3 Exercises That'll Help You Master Chaturanga Pose
I'm pretty confident as I ease through my yoga flow — that is, until I hit Chaturanga pose. As I try to gracefully lower myself to the floor, my shaky arms almost always give out.
According to Sophie Jaffe, a certified yoga instructor and owner of Philosophie, the foundational yoga pose is all about using strength from your core while activating leg-and-arm balance. I figured a new strength-training routine would do some good, so with that, Jaffe offered up some core and triceps-focused moves that can be done at home. Hopefully now my Sun Salutations will be seamless the next time I'm in the studio.
- Grip the edges of a stable bench or chair about shoulder-length apart.
- Hover just off and in front of your seat, keeping your feet flat and legs bent or legs extended for more intensity.
- Straighten your arms with a slight bend to keep tension away from your elbow joints and onto your triceps. This is your start position.
- Bend your elbows and lower your body until your arms form about a 90-degree angle.
- Then, engage your triceps and push back up to the start position. This is one rep.
- Keep your shoulders down as you raise and lower, and keep your back close to the bench or chair.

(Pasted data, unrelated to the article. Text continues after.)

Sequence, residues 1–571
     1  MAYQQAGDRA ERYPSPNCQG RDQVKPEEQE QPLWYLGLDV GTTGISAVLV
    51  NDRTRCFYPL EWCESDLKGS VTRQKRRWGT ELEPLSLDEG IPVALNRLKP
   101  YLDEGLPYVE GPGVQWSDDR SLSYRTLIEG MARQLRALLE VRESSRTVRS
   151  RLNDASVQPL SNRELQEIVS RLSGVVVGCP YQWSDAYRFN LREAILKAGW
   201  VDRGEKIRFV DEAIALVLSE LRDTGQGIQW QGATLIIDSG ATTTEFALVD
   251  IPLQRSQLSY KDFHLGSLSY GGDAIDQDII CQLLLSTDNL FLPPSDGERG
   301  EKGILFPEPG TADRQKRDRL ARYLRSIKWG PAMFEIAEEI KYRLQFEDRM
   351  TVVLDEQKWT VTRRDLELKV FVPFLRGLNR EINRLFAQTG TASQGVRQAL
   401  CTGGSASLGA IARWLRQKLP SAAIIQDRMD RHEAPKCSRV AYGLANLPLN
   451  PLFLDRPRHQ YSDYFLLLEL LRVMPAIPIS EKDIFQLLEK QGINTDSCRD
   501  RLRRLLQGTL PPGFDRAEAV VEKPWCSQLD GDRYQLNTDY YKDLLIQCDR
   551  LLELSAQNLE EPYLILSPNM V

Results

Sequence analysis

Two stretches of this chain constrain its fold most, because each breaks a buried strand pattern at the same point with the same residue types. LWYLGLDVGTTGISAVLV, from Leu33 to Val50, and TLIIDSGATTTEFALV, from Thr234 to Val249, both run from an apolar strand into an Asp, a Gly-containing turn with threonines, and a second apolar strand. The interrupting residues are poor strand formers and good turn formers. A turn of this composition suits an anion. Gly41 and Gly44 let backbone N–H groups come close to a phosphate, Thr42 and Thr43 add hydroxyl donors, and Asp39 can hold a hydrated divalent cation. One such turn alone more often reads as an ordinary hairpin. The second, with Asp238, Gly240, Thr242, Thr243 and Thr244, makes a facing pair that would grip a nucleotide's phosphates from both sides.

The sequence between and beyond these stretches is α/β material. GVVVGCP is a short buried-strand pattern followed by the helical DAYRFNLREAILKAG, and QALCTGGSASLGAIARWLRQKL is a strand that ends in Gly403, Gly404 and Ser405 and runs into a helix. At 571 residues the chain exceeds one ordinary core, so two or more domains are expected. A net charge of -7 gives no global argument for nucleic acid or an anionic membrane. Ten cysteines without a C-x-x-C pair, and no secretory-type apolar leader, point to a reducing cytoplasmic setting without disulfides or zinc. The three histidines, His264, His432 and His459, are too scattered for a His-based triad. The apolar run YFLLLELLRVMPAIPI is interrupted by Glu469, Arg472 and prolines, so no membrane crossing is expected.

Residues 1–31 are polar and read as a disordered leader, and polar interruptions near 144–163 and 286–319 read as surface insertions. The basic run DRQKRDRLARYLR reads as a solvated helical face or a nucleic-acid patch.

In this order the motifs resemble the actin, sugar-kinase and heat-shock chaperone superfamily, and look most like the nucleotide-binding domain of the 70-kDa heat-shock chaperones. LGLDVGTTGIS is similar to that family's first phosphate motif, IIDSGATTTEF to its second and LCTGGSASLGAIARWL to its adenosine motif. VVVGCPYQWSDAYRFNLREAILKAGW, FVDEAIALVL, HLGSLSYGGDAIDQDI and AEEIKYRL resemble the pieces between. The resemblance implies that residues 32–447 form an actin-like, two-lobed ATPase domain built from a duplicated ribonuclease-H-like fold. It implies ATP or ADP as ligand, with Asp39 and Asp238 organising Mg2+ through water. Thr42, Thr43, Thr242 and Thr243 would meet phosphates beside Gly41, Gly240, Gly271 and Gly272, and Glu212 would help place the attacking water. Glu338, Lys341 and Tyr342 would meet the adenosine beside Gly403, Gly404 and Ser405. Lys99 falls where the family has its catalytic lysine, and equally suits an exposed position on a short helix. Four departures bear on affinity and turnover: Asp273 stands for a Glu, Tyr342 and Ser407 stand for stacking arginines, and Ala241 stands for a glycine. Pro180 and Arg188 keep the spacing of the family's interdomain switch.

- Aim for three sets of 10-15 reps.
- Begin on the floor on your hands and knees.
- Place your hands directly under your shoulders.
- Step your feet back one at a time with your toes flexed. Your hands and toes should entirely support the weight of your body.
- For stability and a modification, bring your feet a bit wider apart. Intensify the pose by bringing them closer together.
- Keep a straight line from your heels to your back and up through the top of your head.
- Activate your core and tighten your entire midsection.
- Hold for 20-60 seconds, and don't forget to breathe.
- Repeat for a total of three planks. As you get stronger, aim to do the plank for longer than a minute.
- Begin in a plank position with your arms straight.
- Keep your shoulders over your wrists to avoid injury and maintain a straight line throughout your body.
- Engage your core, and don't let your hips sag.
- Slowly bend your elbows until they reach about a 90-degree angle and lower your chest toward the floor.
- Then, press back up into the starting plank position.
- Aim to complete three sets of 8-10 reps.